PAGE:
Bell's Blog: Our Ship on the Ocean
Aging is a vast topic. It has limitless boundaries. It involves older people, their children and grandchildren and friends; doctors and hospitals and pharmaceutical companies and caregivers; homes and mortgages and safety and accessibility; benefits and savings and investments and on and on.
Aging is the ocean. But Aging in Place is just a ship on that ocean, a vehicle that provides, among other things, a room and food and service and care and transportation and social engagement.
During Aging in Place week, I was privileged to serve on a panel in New York sponsored by Home Advisor and including three other gentlemen with vast knowledge to share: Tom Kamber, whose Older Adults Technology Services (OATS) teaches the aged digital skills; Lawrence Yun, economist for the National Association of Realtors, who continually dives deep into the shifting demographics of our population; and Duo Dickinson, an architect who designs luscious homes, many of them containing the elements of universal design. The audience at the headquarters of IAC, the public company that is the brainchild of Barry Diller and that owns the Home Advisor site, was comprised of people working in or reporting on the trends in aging. Ideas for improving aging flew like torpedoes around the glass enclosed room looking out on the docks along the Hudson. Heads had to be exploding. Mine certainly was.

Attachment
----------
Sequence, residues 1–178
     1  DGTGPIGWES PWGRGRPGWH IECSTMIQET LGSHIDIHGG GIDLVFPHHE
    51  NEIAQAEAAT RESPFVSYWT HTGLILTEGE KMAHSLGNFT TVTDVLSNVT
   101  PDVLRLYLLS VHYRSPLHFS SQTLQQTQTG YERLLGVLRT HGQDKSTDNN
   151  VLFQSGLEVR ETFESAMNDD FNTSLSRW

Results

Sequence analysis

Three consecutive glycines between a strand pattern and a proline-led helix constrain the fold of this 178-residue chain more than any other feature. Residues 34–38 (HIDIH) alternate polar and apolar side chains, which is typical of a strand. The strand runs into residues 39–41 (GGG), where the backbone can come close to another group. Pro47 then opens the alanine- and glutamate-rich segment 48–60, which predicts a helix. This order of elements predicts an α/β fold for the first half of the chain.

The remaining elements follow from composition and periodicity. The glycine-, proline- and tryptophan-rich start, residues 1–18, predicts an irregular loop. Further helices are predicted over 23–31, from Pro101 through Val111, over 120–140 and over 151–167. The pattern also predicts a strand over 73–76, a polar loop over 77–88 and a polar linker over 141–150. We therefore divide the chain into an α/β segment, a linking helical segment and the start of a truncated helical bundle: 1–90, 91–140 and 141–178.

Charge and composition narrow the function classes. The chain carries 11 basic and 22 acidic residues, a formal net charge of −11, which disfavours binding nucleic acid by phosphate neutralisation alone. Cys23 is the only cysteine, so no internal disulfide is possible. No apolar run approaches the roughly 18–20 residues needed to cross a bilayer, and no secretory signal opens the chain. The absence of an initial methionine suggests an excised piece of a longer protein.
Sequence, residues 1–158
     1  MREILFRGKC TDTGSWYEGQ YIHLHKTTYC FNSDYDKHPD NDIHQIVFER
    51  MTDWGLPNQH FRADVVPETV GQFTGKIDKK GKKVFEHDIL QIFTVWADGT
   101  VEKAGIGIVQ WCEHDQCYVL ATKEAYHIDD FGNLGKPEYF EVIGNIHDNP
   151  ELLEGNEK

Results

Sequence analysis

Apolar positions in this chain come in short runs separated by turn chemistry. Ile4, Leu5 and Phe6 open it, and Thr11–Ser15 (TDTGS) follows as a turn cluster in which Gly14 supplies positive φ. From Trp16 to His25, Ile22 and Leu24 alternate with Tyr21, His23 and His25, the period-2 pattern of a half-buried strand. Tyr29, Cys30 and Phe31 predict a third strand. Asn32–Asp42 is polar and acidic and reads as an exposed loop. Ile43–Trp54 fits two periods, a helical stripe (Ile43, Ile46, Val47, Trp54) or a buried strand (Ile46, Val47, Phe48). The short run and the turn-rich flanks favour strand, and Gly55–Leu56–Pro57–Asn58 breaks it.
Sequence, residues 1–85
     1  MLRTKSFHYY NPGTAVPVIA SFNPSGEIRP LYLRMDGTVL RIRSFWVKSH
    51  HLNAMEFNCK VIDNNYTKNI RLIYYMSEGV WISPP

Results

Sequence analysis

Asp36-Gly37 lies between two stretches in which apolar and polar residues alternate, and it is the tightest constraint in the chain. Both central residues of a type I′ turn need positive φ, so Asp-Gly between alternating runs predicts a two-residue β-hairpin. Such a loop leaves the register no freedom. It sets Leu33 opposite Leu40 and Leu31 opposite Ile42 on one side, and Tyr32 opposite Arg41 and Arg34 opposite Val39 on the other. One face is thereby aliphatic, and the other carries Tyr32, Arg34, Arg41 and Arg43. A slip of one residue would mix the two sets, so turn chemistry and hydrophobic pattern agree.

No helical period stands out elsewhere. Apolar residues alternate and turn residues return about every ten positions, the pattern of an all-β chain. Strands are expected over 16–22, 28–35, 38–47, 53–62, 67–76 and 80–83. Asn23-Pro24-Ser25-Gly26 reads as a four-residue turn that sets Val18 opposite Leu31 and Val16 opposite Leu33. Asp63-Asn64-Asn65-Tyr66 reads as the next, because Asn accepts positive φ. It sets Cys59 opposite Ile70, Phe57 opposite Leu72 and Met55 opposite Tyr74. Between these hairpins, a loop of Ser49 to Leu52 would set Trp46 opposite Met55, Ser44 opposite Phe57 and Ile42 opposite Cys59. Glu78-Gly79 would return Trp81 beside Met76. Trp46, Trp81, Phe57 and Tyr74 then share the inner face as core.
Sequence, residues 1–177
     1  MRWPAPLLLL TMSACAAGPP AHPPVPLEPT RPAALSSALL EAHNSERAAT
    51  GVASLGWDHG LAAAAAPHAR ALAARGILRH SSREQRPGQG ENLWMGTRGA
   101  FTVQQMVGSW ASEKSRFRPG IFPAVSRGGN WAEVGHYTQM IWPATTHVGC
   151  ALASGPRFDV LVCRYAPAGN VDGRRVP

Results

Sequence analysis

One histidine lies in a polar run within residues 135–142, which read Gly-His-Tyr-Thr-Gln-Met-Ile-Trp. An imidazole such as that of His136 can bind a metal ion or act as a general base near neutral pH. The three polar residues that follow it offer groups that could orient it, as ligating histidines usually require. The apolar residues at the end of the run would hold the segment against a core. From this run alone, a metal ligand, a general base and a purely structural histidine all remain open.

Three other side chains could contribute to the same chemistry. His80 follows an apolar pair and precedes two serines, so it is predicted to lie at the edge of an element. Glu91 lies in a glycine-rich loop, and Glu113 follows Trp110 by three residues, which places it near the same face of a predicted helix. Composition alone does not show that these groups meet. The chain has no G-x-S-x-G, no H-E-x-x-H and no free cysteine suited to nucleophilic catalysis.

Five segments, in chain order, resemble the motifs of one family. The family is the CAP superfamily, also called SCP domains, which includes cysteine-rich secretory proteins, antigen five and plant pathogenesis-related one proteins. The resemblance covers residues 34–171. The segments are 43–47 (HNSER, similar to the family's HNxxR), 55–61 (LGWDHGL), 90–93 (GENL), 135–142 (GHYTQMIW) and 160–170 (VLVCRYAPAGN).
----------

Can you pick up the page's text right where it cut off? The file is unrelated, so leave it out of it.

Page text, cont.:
During that discussion, I realized that often in these presentations we drift towards talking about the ocean instead of just the ship. We want to solve every problem of aging including the whale in the room—getting everyone to face the fact that they are going to get older and will need life adjustments.
On a webinar I listened in on recently, a venture capitalist who invests in new tech products for aging, said he advises entrepreneurs to focus in on as small an idea as possible. Don’t try to do everything. Do one thing really well.
There is a difference between the ocean and the ocean liner, between aging and aging in place. Our role at the National Aging in Place Council is not and cannot possibly be solving all the problems of aging. What we can do, however, is clearly define and explain aging in place. The sea of aging is getting crowded. At some national conferences, you’ll find thousands of boats. Many of them are utilizing the term aging in place, but mostly generally. Our job is to make it specific.
Get on our boat and we’ll help you navigate the ocean with all of the support and conveniences we can offer you. Ship ahoy!